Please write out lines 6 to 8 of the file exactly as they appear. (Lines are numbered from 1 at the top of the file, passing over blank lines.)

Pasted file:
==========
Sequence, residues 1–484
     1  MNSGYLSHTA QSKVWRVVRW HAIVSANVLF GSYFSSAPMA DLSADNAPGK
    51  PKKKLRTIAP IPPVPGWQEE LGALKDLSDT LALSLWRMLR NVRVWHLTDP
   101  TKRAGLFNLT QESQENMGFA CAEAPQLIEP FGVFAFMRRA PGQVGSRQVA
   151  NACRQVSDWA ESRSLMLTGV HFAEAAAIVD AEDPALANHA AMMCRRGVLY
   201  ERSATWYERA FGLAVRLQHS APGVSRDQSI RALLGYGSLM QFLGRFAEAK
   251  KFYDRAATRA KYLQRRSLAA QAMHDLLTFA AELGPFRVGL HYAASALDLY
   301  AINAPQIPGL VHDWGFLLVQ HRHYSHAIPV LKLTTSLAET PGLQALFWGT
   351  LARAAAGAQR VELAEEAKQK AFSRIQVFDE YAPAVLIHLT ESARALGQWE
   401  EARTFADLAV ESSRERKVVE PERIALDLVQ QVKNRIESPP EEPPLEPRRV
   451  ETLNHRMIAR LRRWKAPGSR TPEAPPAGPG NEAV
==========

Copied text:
   201  ERSATWYERA FGLAVRLQHS APGVSRDQSI RALLGYGSLM QFLGRFAEAK
   251  KFYDRAATRA KYLQRRSLAA QAMHDLLTFA AELGPFRVGL HYAASALDLY
   301  AINAPQIPGL VHDWGFLLVQ HRHYSHAIPV LKLTTSLAET PGLQALFWGT